As part of the process to determine where cuts could be made, I'd like to see crime & emergency call data for the past 10 years. Has crime increased, decreased or stayed the same? Have emergency calls, fire vs. ambulance, increased, decreased or stayed the same?

What's interesting to note is per the article, 75% of the emergency calls were for ambulance runs. Does this mean there was not a fire event related with these calls? These calls were strictly for ER personnel assistance? If yes, I would suggest reviewing the data on just the ambulance calls alone to categorize in terms of what type of ambulance calls. How many were to nursing home and retirement centers? If, for example, a large percentage of those calls, say over 50%, were to these facilities, one option to potentially explore would be an idea of possibly billing those facilities for the calls.

In the immediate term, let's look at the data to help make an informed determination of where cuts could be made. For the longer term, I'd advise the City Manager and Commission to develop a strategic plan on how to insure adequate funding is made available moving forward to prevent these "catch and dive" scenarios that do nothing but raise tempers.

Nor'easter

Raise the admissions tax to 8% and start rebuilding.

Dr. Information

Make due with less. Or is that to hard?

BEHAPPY

@ Dr. Information~~~~~ I know for a FACT that "make due with less" has been going on for quite some time now! How about we start at the TOP for a change!? The hands on people are the people NEEDED no matter where you go~we could do with LESS at the TOP no matter where you go! Or is that *too* hard?

DEATHnTAXES

How did Sandusky fare before the grant was received for the 6 extra firefighters?

Has the powers that be looked into a partial volunteer fire department? (90 of US fire departments are partial/total volunteer)

Comrade Boose

Wow genius what a great idea partial volunteers or all volunteers.

Except I own a business say a law firm or electrical contractor, do I let my people go to respond on a fire or ambulance call?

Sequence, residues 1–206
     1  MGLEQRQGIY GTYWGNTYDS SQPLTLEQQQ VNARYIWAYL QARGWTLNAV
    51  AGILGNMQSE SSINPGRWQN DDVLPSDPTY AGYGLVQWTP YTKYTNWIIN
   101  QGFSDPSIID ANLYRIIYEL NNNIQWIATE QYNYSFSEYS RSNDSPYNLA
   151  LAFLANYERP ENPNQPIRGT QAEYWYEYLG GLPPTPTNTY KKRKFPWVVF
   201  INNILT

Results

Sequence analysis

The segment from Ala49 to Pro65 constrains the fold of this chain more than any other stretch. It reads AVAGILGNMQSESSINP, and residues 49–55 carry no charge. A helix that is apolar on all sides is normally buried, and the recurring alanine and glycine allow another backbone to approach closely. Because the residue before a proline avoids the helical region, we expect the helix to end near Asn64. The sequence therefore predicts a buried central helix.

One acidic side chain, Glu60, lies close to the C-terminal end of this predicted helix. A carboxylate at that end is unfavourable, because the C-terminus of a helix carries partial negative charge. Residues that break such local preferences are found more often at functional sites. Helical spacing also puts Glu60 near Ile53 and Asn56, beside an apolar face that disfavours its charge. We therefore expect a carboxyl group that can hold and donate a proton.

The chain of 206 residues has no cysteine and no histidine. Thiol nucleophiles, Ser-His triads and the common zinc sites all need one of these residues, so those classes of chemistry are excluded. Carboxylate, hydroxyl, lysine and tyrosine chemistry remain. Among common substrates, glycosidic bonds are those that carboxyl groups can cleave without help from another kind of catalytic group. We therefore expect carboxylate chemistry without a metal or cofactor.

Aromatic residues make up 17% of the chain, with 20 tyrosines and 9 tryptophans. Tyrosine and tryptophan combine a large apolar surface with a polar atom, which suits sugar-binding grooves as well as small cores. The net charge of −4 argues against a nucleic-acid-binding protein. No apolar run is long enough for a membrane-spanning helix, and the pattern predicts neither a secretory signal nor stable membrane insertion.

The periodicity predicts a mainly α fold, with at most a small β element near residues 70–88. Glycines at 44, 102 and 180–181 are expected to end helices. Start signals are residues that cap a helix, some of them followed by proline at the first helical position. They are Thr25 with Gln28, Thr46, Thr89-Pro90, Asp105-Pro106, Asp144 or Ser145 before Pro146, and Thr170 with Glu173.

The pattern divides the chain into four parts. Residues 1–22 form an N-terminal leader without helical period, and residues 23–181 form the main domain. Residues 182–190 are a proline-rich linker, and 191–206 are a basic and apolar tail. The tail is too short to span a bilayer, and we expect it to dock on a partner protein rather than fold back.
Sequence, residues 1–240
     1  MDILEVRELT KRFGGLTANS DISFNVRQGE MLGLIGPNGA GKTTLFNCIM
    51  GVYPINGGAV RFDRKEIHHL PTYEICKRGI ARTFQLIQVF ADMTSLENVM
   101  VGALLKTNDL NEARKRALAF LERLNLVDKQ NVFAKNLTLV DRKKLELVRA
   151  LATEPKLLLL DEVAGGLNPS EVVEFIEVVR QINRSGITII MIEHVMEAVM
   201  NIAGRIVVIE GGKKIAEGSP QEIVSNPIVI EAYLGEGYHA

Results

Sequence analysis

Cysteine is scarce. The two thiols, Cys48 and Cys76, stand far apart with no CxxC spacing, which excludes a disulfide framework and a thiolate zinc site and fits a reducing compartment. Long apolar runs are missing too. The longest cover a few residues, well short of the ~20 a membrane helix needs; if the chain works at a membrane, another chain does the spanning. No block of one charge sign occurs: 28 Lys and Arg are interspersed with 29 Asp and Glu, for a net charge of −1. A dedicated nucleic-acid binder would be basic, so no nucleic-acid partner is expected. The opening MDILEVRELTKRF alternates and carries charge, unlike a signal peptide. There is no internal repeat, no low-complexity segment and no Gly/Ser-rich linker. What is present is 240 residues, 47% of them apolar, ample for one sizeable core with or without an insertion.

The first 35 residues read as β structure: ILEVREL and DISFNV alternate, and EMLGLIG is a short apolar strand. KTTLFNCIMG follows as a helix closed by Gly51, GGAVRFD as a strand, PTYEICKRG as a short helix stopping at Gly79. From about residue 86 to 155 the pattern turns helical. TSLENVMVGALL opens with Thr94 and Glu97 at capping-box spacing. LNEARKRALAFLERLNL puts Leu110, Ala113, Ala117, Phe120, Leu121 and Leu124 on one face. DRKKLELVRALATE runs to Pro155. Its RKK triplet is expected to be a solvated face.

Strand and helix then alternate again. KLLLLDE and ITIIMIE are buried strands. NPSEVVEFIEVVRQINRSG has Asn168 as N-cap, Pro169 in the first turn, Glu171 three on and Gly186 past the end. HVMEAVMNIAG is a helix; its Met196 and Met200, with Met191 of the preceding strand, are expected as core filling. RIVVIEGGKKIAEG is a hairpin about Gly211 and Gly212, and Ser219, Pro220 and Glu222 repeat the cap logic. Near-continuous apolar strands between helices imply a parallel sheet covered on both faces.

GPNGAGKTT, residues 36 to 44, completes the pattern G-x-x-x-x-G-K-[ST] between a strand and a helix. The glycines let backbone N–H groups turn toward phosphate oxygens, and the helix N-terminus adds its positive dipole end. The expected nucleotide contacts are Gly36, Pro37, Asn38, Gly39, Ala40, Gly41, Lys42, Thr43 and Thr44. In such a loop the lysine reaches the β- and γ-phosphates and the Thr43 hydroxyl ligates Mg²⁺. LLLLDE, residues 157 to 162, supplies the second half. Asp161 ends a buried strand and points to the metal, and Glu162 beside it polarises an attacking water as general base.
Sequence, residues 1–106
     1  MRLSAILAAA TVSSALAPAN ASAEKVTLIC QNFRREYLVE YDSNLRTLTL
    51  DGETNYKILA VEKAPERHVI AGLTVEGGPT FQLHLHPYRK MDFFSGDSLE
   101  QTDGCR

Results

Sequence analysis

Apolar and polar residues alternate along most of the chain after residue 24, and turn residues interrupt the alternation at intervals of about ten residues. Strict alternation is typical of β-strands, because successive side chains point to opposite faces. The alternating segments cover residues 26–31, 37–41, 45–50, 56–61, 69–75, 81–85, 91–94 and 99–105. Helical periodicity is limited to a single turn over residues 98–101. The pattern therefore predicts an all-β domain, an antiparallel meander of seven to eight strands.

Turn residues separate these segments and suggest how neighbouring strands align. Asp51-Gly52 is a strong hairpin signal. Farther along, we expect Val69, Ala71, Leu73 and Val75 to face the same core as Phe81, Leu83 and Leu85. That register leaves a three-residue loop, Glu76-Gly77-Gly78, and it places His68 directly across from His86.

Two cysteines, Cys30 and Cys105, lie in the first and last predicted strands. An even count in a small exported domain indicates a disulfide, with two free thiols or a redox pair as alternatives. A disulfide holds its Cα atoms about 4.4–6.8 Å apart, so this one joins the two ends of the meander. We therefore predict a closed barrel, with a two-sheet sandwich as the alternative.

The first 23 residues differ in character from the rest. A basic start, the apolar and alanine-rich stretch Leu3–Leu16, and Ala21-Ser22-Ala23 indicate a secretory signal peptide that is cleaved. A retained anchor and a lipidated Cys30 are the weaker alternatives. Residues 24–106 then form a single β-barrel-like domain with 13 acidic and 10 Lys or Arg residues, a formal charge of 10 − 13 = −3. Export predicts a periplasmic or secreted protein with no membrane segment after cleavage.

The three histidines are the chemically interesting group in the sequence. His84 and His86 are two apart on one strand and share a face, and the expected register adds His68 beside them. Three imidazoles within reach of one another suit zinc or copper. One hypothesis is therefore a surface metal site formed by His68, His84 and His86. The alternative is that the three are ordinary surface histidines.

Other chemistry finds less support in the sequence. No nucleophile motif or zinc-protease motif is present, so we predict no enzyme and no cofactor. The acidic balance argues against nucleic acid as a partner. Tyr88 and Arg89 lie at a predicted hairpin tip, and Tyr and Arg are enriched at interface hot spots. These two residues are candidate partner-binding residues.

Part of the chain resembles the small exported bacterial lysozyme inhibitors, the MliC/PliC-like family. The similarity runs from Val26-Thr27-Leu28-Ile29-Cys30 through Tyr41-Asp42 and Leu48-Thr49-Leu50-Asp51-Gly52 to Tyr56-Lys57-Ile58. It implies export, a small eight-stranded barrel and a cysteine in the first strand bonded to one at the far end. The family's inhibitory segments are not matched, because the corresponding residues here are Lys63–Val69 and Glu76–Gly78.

Magic eight ball says HIGHLY UNLIKELY!

In the future please put more thoughts into your post instead of just spouting things off.

OSUBuckeye59

Many cities have partial or full volunteer fire departments. Some offer a small amount of pay. Some offer no pay. All almost always provide free training plus insurance when out on a call. Many employers in towns with volunteers have agreements with the volunteers concerning releasing them to respond to calls.

Partial or full volunteer fire departments work very well in a community. Some of the volunteers provide their assistance out of a sense of duty and commitment. Others such as younger men and women, provide assistance as a means to one day become a paid firefighter in towns that do hire and pay full-time firefighters. There are many small towns throughout the country that would have no firefighters were it not for volunteers.

The suggestion of looking into volunteer firefighters as one option is actually a good one.

Comrade Boose

And yet here we go again someone else just throwing ideas out without doing any research. Here is where I come in for you with what actually happens in the real world(see articles below). Also to answer your second part of your statement. Sandusky, Lorain, Cleveland, Elyria and other cities is where they come to work full-time

PENN TOWNSHIP, Pa. — It took 26 fire companies from three counties last year to fight the fire at Dino's Grille, a two-story wood structure that ignited on a hot Tuesday morning in this town outside Harrisburg. The local volunteer chief still fumes just thinking about it. When Monte Supko arrived at the scene, he signaled other volunteer departments in the area for help. He needed firefighters. But what he got, mostly, was firetrucks — many with only one or two people aboard.